Multifamily Building Analyst Course – Module Descriptions:
Click the modules to view descriptions.
This module sets the framework for benchmarking and conducting a comprehensive assessment of energy consumption in multifamily buildings. Participants roll their sleeves up right away as the group begins to interpret and analyze fuel bill data, and identify the major building systems, components, and usage patterns that impact energy consumption. Obtaining a building’s energy data is the first step in performance analysis; learning how to benchmark with this data to create a baseline prior to energy improvements, and to compare the building with similar structures, are among the key take-aways from this lively and interactive opening session.
This module introduces the core concepts, components, and terminology for the wide range of lighting technology typically found in multifamily buildings. Participants will also learn how to calculate minimum lighting levels for safety and maximum lighting densities for energy code compliance. Class exercises and discussions will help students learn how to determine the appropriateness of lighting component retrofits, replacements, or a full lighting system redesign. In addition, participants will learn about the latest in lighting control technology and how to select the right controls for each environment. Common issues around building operations and maintenance concerns for lighting systems will be addressed.
Participants in this module will learn how to identify critical components and construction techniques for common multifamily building foundation, wall and roof assemblies. This session focuses on how these building assemblies can function as a system to enhance a structure’s energy performance and what happens when they fail and create migration points for heat loss and moisture transfer. Participants review and apply important building science principles to make sound recommendations for envelope air sealing and insulation. During this process, participants engage with real-world case studies which demonstrate the interconnectedness between energy efficiency improvements and health and safety measures.
This module introduces participants to a range of common multifamily ventilation systems and prepares auditors to begin ventilation system diagnostics and assessments. Through case study examples, students learn how these systems are designed to operate, common causes of ventilation malfunctions, and the consequences for indoor air quality, heat loss, and building and mechanical system durability. Students will explore the diagnostic tools and procedures used to detect issues with system balancing, fan flow and operation, and duct work conditions. The session concludes with an analysis of different system retrofits and other methods for solving ventilation challenges.
Boilers and Burners is the first in a series of modules to get participants comfortable identifying and diagnosing common types of multifamily heating systems and their components. Whether attending training in AEA’s Bronx boiler lab or viewing the lab portion of this module on AEA’s interactive, high definition video platform from another location, participants will see and learn about a spectrum of boiler and burner combinations in real time and life size with the instructor, and they will learn how to apply this knowledge to auditing and construction managing multifamily projects. Participants will review and apply their knowledge of combustion science to sound combustion analysis techniques. By the end of this module, participants will come away with a tool box for diagnosing overall multifamily heating system efficiency and safety.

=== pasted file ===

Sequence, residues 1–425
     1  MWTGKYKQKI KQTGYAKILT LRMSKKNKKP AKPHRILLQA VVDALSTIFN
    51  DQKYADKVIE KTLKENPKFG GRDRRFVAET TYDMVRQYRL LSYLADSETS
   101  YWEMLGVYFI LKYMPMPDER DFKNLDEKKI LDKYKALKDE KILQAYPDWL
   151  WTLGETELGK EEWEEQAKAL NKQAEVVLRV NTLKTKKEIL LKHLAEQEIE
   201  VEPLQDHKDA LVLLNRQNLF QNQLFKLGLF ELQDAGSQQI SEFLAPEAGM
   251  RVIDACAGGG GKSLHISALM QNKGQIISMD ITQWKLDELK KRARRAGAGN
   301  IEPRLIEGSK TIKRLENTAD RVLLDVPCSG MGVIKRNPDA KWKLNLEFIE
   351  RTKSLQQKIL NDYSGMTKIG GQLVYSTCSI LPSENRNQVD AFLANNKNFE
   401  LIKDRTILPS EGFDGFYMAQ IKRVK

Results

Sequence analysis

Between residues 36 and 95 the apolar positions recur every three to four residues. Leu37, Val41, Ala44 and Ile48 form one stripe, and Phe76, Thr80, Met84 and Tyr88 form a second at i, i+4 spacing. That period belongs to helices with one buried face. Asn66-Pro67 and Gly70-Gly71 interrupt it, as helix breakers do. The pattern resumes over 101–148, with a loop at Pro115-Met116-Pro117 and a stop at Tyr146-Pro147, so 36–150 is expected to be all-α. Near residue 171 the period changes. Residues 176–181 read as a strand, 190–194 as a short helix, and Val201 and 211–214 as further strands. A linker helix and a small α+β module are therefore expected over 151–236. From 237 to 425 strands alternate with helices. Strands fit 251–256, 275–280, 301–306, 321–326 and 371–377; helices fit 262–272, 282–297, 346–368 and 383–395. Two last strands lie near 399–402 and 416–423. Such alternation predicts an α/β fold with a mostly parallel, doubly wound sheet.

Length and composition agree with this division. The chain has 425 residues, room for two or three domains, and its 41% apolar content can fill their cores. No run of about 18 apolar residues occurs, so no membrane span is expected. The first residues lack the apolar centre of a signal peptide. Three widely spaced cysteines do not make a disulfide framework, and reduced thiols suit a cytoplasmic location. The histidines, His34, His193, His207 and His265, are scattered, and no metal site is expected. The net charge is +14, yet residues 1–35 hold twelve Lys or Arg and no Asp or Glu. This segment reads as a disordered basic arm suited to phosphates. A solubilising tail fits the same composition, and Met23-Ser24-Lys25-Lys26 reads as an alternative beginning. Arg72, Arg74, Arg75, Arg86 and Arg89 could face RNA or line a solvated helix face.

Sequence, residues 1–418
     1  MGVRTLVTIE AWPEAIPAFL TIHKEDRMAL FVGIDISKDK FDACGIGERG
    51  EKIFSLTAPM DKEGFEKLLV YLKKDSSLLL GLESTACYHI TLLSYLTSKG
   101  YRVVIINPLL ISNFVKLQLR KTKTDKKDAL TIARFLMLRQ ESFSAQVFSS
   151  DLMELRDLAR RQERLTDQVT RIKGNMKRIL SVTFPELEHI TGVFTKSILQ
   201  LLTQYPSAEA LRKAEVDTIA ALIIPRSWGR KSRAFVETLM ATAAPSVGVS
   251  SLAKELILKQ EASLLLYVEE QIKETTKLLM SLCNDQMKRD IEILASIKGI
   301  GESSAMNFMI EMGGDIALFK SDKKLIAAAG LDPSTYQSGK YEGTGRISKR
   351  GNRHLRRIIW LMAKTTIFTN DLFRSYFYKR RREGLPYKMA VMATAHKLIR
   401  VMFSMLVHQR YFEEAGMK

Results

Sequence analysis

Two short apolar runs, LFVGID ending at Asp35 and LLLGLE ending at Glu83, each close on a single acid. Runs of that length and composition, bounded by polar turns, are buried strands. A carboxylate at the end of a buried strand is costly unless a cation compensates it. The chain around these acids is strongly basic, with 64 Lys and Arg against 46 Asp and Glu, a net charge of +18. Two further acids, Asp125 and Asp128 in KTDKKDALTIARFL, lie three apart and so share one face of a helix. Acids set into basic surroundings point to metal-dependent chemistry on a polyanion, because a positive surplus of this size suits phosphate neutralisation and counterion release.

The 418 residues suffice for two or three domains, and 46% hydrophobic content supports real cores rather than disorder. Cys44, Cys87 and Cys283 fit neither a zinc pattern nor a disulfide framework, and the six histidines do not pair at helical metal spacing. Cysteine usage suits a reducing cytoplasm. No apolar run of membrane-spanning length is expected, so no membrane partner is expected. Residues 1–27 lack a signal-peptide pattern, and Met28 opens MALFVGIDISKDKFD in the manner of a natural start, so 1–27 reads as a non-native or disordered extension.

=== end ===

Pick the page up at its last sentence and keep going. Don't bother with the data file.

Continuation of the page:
Participants in the steam systems module will gain knowledge of the basic steam heating cycle as well as various types of steam heat distribution and the key components of these systems. Participants will learn how to diagnose conditions such as unbalanced heat delivery and nuisance issues (e.g., water hammer) and apply solutions such as proper air venting and condensate return in both one and two-pipe steam systems. Proper control set points as well as successful energy management techniques are also covered in depth during this module.
Participants in this module will explore a variety of means for producing and distributing hot water for domestic use. This module will explore the advantages and disadvantages of common domestic hot water systems and the energy savings potential of each. Safety concerns for hot water use are emphasized through proper control set points and mixing valve operation. Participants will discuss successful strategies and methods for additional domestic hot water energy savings through fundamental water conservation techniques such as installing low flow/use devices, identifying and repairing leaks, water reuse, and occupant and building operations staff education.
During this module, participants will review common components and their functions in typical space cooling applications. Participants will build a fundamental understanding of the refrigeration cycle and the unique properties of common refrigerants as well as safe handling practices. This module will also explore the effects of an improper refrigerant charge, and techniques for evaluation in multiple systems. System-wide opportunities for efficiency improvements and well as system upgrades will be discussed.
Starting with rate analysis, and culminating with developing a quality assurance process, participants in this module will be guided through the necessary steps needed in order to build a quality energy model. This module includes a review of commonly used software applications and their limitations, typical indices used to evaluate building energy usage, and a discussion of justification and calibration of the model.
*Courses are offered at partner sites via distance learning nationally.